As shown in Eq. (16), the discount rate is determined by the Ramsey endogenous rule35, where \(\rho \) is the pure time preference and μ is the elasticity of marginal utility. If μ = 0, Eq. (11) estimates the social benefits with a fixed discount rate. If \(\mu \ne 0\), Eq. (11) estimates the social benefits with a growth-adjusted discount rate.

The growth rate of GDP (\({\eta }_{i,t,s}\)) is derived from the SSP database developed by the International Institute for Applied System Analysis36. We used the code and compiled datasets from Burke Lab (https://github.com/burke-lab/BDD2018) to derive the population-weighted temperature increase from 2010 to 2100 at the country level. The country-level baseline temperatures in 2010 and the original code for calculating the benefits of climate change mitigation under multiple SSP and RCP scenarios are compiled from https://country-level-scc.github.io/.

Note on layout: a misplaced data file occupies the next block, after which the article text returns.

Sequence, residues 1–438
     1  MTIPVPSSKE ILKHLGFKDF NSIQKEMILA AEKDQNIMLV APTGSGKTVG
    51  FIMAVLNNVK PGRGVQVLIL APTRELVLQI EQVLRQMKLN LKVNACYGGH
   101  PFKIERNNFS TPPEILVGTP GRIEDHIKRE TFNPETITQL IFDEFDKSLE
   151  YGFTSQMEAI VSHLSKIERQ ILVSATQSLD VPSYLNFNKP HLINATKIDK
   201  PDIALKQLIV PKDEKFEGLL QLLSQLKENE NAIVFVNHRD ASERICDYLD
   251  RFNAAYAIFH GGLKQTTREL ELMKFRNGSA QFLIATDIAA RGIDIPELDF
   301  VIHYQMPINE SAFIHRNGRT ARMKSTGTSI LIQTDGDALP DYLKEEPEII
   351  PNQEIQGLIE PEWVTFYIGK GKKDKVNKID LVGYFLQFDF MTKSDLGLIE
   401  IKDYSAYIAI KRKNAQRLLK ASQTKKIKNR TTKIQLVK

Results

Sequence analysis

Calculating the cost of climate change mitigation

We used the loss of GDP from the 2014 IPCC report to calculate the cost of climate change mitigation.

$${C}_{i,t,s,r}={G}_{i,t,s,r}\cdot {L}_{i,t,{r}_{{{{\rm{mitigation}}}}}}$$
(13)
$${L}_{i,t,{r}_{mitigation}}={L}_{t,{r}_{{{{\rm{mitigation}}}}}}\cdot {R}_{k,{r}_{{{{\rm{mitigation}}}}}},i\in k$$
(14)
$${{{{\rm{CC}}}}}_{i,T,s,r}=\mathop{\sum }\limits_{t={{{\rm{SL}}}}}^{{{{\rm{EL}}}}}\Bigg[{C}_{i,t,s,r}\cdot {I}_{t-T,t,i}\times \mathop{\prod }\limits_{{{{\rm{SL}}}}}^{t}\frac{1}{1+{{{{\rm{Dis}}}}}_{i,t,s,r}}\Bigg]$$
(15)